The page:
New Ridgeline vs. Tacoma - How Honda Outclasses A Loud, Unrefined, and Low Budget Pickup
Our new comparison chart between the 2016 Toyota Tacoma SR5 Doublecab 4x4 and the 2017 Honda Ridgeline Sport shows that, while the Tacoma has some positives, the Honda is the next great thing in the compact truck market.
First, let's give the Toyota Tacoma credit for the following:
- It's a great truck for going off-road, at least if we're talking about attacking rugged rock strewn trails.
- It can tow a more than the Ridgeline (when properly configured)
- It's cheaper than the Ridgeline
Now, let's talk about why these things don't matter:
- Most people buying compact trucks don't take them on rugged rock-strewn trails. For most "off-road" is tackling some mud, some sand, maybe a washed out dirt road...pretty mild stuff that any AWD vehicle can handle.
- If you're buying a truck to tow something, and you're willing to spend $30k to do it, you're probably going to buy a full-size truck. Ford and Ram practically give away F-150s and 1500s that can tow 10k lbs+, and people who need towing are going to go that route.
- Quality costs money. The Ridgeline is more refined than the Tacoma, and it shows in terms of superior ride quality, handling, and interior sound levels.
Here's a chart that will summarize just how similar the Tacoma and the Ridgeline are:
Off-Road Ability Is Overplayed
Toyota loves to market the Tacoma's off-roading ability. They use clever images like this one:
Look at how that Tacoma drives over rocks! Isn't it amazing? (sarcasm). Image courtesy partsblog.olathetoyota.com.
And they hope that gets consumers to buy. But here's the thing: Very few people are going to take their brand new, $35k pickup over a trail like this. No matter how rugged a truck is, off-road trails like the one shown above put a lot of wear and tear on a vehicle. Most new truck buyers want to make their truck last as long as possible. That means avoiding the kinds of trails Toyota features in their advertising.
What's more, the Ridgeline is no slouch off-road. A quick YouTube search shows dozens of videos of first-generation Ridgeline owners getting nasty in the dirt.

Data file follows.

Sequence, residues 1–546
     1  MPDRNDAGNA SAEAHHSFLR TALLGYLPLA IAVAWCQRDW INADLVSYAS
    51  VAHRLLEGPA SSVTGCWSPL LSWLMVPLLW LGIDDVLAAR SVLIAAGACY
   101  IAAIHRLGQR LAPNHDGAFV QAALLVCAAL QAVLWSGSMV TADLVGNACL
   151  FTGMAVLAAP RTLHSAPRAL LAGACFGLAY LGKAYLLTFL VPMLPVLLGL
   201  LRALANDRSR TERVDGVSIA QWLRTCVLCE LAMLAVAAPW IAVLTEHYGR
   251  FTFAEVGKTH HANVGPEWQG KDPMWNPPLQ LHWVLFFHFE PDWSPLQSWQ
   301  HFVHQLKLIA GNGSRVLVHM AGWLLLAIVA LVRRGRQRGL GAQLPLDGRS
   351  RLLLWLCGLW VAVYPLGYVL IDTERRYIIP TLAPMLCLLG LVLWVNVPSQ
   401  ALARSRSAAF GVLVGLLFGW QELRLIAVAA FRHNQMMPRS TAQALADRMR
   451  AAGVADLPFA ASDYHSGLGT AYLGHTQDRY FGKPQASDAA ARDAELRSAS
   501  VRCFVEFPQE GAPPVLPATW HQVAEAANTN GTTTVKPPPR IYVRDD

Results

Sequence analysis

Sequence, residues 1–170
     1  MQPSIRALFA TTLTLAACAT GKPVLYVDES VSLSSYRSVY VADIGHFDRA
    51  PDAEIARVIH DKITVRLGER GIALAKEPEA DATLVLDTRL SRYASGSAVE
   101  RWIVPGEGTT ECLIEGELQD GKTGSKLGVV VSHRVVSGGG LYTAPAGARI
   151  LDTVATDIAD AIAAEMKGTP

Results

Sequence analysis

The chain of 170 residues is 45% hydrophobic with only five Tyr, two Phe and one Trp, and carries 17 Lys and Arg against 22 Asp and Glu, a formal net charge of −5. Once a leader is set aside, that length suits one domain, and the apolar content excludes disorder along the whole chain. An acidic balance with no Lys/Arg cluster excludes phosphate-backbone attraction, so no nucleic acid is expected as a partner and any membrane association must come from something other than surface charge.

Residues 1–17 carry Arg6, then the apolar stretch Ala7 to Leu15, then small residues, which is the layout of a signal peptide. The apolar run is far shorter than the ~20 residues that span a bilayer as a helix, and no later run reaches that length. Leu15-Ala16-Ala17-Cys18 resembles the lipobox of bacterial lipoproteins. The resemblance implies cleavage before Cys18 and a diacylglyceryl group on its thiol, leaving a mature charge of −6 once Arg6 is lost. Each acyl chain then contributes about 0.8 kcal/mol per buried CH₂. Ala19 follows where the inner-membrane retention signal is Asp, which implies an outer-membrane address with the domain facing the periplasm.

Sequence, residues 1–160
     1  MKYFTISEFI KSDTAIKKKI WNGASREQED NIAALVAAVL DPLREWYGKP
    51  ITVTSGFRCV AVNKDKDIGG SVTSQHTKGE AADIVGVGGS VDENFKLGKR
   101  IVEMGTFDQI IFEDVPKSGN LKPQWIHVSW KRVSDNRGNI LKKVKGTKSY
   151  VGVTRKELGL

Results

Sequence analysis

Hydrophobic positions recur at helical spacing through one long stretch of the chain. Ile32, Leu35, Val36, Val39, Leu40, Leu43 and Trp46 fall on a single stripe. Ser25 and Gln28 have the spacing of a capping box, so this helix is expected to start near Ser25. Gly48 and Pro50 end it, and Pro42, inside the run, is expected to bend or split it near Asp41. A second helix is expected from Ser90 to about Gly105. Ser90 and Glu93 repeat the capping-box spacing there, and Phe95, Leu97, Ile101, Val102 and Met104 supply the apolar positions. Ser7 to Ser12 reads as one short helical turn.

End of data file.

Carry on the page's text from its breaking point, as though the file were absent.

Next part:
Ridgeline Quality Is The Difference
We're not going to say that Toyota makes cheap, unreliable vehicles. That is obviously untrue. Toyota quality is excellent, perhaps second only to Honda quality.
However, the Tacoma isn't exactly Toyota's "premium" truck. PickupTrucks.com talks about the Tacoma's use of rear drum brakes. Drum brakes are an old technology that just doesn't belong on a new vehicle in 2016. The Ridgeline uses discs at all four wheels, like just about every other new vehicle available.
TheTruthAboutCars.com commented on the 2016 Tacoma's mid-grade interior. Consumer Reports focused on the 2016 Tacoma's rough ride and loud interior.
The early reviews of the 2017 Ridgeline describe the interior as "upscale" and a "step above" what you find in similar trucks. Automobile Magazine describes the 2017 Ridgeline as being in a class by itself. The review brags about the Ridgeline's superior ride, handling, noise levels, and more.
The point? The Ridgeline isn't some rough-riding commercial vehicle with nice styling and clever marketing. It's a high quality alternative to every truck on the market. While it might cost a little more, it offers a LOT more in terms of features, comfort, and daily driveability.
Not to mention, it's got an exceedingly cool trunk in the bed.